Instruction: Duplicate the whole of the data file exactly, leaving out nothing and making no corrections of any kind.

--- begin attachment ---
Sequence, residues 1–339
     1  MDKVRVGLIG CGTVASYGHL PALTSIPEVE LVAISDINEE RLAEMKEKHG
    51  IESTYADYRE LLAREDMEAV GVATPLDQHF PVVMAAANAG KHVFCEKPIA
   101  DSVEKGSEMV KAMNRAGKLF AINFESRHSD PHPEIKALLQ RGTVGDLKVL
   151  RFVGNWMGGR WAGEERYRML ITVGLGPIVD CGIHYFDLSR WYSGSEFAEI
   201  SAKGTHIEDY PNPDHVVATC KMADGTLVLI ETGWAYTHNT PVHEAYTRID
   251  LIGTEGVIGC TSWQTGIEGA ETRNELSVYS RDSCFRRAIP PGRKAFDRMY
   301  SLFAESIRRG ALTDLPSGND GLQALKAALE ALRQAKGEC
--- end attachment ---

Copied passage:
Sequence, residues 1–339
     1  MDKVRVGLIG CGTVASYGHL PALTSIPEVE LVAISDINEE RLAEMKEKHG
    51  IESTYADYRE LLAREDMEAV GVATPLDQHF PVVMAAANAG KHVFCEKPIA
   101  DSVEKGSEMV KAMNRAGKLF AINFESRHSD PHPEIKALLQ RGTVGDLKVL
   151  RFVGNWMGGR WAGEERYRML ITVGLGPIVD CGIHYFDLSR WYSGSEFAEI
   201  SAKGTHIEDY PNPDHVVATC KMADGTLVLI ETGWAYTHNT PVHEAYTRID
   251  LIGTEGVIGC TSWQTGIEGA ETRNELSVYS RDSCFRRAIP PGRKAFDRMY
   301  SLFAESIRRG ALTDLPSGND GLQALKAALE ALRQAKGEC